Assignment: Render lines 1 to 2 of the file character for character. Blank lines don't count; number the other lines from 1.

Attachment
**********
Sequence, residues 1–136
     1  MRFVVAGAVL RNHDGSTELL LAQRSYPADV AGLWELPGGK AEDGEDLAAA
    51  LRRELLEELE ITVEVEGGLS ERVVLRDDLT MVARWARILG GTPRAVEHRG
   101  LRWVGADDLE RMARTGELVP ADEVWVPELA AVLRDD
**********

Sequence, residues 1–136
     1  MRFVVAGAVL RNHDGSTELL LAQRSYPADV AGLWELPGGK AEDGEDLAAA